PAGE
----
California schools are promoting children whose performance is below "grade level." But maybe not for long. Mayor Richard Riordan has demanded an end to "social promotion." Gov. Pete Wilson proposes changing the education code to prohibit advancing students who have not "achieved a passing score on a statewide assessment." L.A. school Supt. Ruben Zacarias has made social promotion's abolition a goal.
NEWS
January 27, 1999 | ANNE-MARIE O'CONNOR, TIMES STAFF WRITER
If the looming ban on social promotion is an educational earthquake, then Dena Elementary School in Boyle Heights is at the epicenter. Here, 70% of the 950 K-5 students were still learning in Spanish this fall. If the Stanford 9 educational test, which is given in English, is chosen as the most significant gatekeeper, at least half--if not all--of those children would not qualify for the next grade, said Principal Karen Robertson.
OPINION
July 9, 2006
Re "Fathers don't always know best," Opinion, July 4 Mark Kurlansky writes that our country is the "most backward democracy in the West" and that we offer the "worst benefits for workers"; perhaps he can enlighten us as to why freedom-loving people from around the world want to come to this country for a better life for themselves and their families. We have immigration issues in the U.S. because we are the best. I will begin to worry about the United States when we no longer are a refuge for downtrodden masses.
OPINION
November 22, 2004
Re the Nov. 18 letter about the lack of success with school reform: A few years ago, there was a mandate by the state to end social promotion. It didn't happen, and we are still plagued with the ramifications of placing youngsters into learning environments that they are unprepared for. Placing ill-equipped and unmotivated youngsters into academic settings is like putting children with missing limbs who don't particularly like the water on...
OPINION
April 26, 2004 | Denis P. Doyle, Denis P. Doyle was a member of the National Commission on Time and Learning. He is vice chairman of a company that makes Web-based products to advance education reform.
Supporters and opponents of social promotion are fighting last century's war. Grouping students by age and advancing them in lock step is an artifact of the agrarian calendar and factory model of schooling that emerged in the late 19th century. That it is still with us is a commentary on just how conservative schooling is. If the school clock and calendar once made sense, they no longer do. It is time to rethink the organization we call school, and with it the very idea of social promotion.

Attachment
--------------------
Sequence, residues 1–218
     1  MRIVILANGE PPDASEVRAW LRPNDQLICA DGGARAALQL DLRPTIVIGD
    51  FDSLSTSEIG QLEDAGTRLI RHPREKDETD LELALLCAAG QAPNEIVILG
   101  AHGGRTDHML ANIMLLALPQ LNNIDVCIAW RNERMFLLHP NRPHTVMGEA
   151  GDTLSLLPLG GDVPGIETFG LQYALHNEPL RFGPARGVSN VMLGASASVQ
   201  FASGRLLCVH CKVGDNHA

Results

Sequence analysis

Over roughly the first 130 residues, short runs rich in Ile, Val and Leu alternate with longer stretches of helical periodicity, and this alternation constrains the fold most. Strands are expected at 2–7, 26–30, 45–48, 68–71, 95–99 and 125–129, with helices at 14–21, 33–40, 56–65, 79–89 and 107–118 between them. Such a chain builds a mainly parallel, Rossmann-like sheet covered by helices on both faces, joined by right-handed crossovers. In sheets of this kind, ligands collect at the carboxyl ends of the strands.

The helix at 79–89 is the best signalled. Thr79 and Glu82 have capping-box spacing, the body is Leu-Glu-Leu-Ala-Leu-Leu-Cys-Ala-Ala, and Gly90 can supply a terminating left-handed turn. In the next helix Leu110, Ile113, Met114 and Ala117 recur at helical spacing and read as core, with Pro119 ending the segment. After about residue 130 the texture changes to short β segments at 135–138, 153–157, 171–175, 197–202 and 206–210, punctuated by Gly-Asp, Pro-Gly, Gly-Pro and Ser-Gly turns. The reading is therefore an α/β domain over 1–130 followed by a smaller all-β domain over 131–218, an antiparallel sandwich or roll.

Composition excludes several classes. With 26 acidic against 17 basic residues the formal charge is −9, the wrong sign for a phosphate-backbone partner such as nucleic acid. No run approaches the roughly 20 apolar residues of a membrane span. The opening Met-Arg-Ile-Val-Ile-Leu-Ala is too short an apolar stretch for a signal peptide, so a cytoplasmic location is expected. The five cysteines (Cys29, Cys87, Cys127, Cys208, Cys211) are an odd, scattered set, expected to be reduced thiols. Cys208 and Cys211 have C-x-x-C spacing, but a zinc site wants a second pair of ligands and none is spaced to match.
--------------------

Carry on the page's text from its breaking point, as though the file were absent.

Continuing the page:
NATIONAL
February 22, 2004 | John J. Goldman, Times Staff Writer
The practice of social promotion in New York City schools: A) Affects students' self-esteem. B) Distorts academic achievement. C) Is a source of heated debate. D) All of the above -- and more. Vowing to end social promotion, which can advance students with shaky academic skills, Mayor Michael R. Bloomberg announced last month that scores on the standardized English and math tests to be given this spring would be the only factors used to determine whether a third-grader moved on or was held back.
OPINION
July 20, 2002
My comment about "giving up" is the beginning, not the end, of what's happening at Fremont High School ("A School Flails in a Sea of Chaos," July 14). Teachers have not given up on our students or the school, only on the possibility of real reform coming out of the LAUSD or the state auditing process. Although our students often lack the skills to fully express their ideas in standard academic English, we know they are intelligent, sensitive and capable of higher-level thinking. We are often moved by their thoughtfulness, creativity and insight, in spite of the terrible toll taken in day-to-day ways by violence, poverty and racism.
CALIFORNIA | LOCAL
August 4, 2001
So, school board President Caprice Young was angry because she participated in a June 9 graduation ceremony and gave achievement certificates to students who, in fact, had not successfully completed their course work (" 'Graduates' Honored at a Dubious Exercise," July 27). Young shouldn't have been surprised, as phony graduations are rampant throughout the Los Angeles Unified School District. They are called "culminations" and are done at the end of the fifth grade. Students wear good clothes, in some cases specially bought for the occasion, make short speeches and are given certificates just before they go on to middle school.
CALIFORNIA | LOCAL
July 15, 2001
For many Orange County students, summer means not the beach or round-the-clock video games but summer school. Some are there to get a leg up on the new academic year, but more than 20,000 are back in classrooms because they are struggling with reading, writing and math. Schools, parents and students are coming to terms with a year-old state law banning social promotion, the misguided practice of automatically advancing students to the next grade.
Los Angeles Times Articles
|